Gurajada had his initial schooling (till age 10) in Cheepurupalli while his father was working there. His remaining schooling was done at Vijayanagaram after his father passed away. During that time, he lived in relative poverty and maintained himself as a varalabbayi. He was generously taken care of by the then M.R. College Principal, C. Chandrasekhara Sastri who provided him free lodging and boarding. He completed his matriculation in 1882 and obtained F.A. in 1884. Soon after, he was employed as a teacher in M.R. High School in 1884 with a salary of Rs.25. He was married to Appala Narasamma in 1885. In the mean time, he continued his studies and graduated with B.A. (Philosophy major and Sanskrit minor) in 1886. For some period during 1886, he worked as Head Clerk in the Deputy Collector’s office. On Vijayadasami day, 1887, he joined as a Lecturer (Level IV) in M.R. College with a salary of Rs.100. Around the same time; he was introduced to Maharaja Ananda Gajapati (1850-1897). This prince had a significant role in encouraging the arts and education in these parts of the country. Gurajada gradually developed a cordial relationship with the prince. This association led to his involvement with the princely family for a long time. In 1887, Gurajada spoke at a Congress Party meeting in Vijayaanagaram. His daughter Lakshmi narasamma was born in 1887. He was simultaneously involved in social work and became a member of the Voluntary Service Corps in Visakhapatnam in 1888. He was elected vice-president of the Ananda Gajapati Debating club in 1889. His son Venkata Ramadasu was born in 1890. In 1891 he was promoted to Lecturer (Level III) with a salary of Rs.125. He taught the F.A. and B.A. classes several subjects including English Grammar, Sanskrit Literature, Translation, Greek & Roman Histories. His younger brother Shyamala Rao died in 1892 while studying at Madras Law College.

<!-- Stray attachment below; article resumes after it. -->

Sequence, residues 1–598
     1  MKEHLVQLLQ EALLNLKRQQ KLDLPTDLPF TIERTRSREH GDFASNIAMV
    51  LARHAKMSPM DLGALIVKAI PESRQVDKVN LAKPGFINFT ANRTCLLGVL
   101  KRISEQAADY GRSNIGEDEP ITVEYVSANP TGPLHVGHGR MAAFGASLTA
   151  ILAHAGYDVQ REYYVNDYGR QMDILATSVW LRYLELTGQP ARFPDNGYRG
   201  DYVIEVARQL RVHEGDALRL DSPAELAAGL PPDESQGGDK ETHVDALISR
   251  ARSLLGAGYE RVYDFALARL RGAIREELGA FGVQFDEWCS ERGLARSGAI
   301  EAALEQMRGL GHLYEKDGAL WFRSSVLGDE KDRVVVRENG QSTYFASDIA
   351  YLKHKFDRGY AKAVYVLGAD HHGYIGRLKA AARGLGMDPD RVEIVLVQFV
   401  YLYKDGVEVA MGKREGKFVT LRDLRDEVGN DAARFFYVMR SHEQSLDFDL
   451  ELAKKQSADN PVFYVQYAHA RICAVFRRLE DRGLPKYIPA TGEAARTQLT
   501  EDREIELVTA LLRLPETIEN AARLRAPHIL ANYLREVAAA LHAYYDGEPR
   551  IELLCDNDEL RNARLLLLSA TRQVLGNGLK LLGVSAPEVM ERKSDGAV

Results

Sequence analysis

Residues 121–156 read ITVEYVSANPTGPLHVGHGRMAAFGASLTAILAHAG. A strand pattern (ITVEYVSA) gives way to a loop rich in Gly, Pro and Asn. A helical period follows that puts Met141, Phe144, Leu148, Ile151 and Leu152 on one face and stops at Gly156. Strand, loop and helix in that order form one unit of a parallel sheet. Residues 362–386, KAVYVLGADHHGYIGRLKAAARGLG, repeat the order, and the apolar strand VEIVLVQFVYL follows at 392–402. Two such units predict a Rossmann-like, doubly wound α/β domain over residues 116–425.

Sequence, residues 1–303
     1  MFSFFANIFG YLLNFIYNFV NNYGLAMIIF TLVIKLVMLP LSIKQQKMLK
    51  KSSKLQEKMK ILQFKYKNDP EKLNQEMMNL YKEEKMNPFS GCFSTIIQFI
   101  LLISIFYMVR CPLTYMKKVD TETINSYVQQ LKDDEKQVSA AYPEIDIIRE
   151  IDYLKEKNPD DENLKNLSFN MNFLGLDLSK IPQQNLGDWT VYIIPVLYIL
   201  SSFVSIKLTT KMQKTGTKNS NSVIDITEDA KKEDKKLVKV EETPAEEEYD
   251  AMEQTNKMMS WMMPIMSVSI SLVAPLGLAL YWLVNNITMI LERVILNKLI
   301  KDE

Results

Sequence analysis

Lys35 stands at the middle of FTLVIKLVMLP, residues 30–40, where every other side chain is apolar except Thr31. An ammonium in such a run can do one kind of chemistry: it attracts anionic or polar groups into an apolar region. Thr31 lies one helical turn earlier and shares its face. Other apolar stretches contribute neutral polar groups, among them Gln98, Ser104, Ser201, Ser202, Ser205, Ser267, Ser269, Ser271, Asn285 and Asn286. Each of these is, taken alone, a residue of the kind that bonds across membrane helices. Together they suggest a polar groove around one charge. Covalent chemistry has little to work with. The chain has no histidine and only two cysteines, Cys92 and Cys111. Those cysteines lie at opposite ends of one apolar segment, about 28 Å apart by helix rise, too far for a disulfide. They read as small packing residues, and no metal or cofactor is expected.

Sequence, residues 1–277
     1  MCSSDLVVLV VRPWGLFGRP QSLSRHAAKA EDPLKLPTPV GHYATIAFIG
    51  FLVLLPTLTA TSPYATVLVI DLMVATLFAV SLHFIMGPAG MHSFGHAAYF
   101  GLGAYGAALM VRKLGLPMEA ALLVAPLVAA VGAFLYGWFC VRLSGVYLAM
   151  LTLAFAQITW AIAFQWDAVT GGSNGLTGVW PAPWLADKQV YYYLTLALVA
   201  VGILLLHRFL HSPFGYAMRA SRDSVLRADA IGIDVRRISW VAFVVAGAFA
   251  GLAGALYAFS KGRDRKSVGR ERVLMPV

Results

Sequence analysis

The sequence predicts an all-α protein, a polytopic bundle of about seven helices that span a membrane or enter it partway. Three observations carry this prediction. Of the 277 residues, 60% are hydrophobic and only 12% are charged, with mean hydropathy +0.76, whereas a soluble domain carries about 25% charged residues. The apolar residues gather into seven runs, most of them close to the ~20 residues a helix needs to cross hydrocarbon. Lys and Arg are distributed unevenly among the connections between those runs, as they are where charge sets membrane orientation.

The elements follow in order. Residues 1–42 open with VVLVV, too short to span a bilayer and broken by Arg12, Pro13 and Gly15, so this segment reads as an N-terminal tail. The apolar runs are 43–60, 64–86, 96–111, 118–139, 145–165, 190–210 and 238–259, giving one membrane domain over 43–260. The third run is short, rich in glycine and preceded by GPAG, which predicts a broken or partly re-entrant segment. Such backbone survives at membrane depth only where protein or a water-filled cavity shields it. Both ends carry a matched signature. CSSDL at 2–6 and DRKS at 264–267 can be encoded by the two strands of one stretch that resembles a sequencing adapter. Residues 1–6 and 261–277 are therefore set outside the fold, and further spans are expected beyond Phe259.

In the previous ten years, Gurajada Appa Rao (along with brother Shyamala Rao) had been writing several English poems. His Sarangadhara, published in “Indian Leisure Hour” was well received. The editor of the Calcutta based “Rees and Riot” Sambhu Chandra Mukherji read it and re-published it in his magazine. He encouraged Gurajada in many ways. While praising Gurajada’s talent, he actually encouraged him to write in Telugu. He told Gurajada that however talented he might become in English, it is still a foreign tongue and that he would scale greater heights if he chose to compose in Telugu. Gurajada too was gradually coming to this conclusion. During this period, it is also said that Gurajada was also in correspondence with a British Journalist and author. Gundukurti Venkata Ramanayya, editor of the “Indian Leisure Hour” encouraged Gurajada greatly during the same period. In 1891, Gurajada was appointed to the post of Epigraphist (Samsthana Sasana Parisodhaka) to the Maharaja of Vijayanagaram.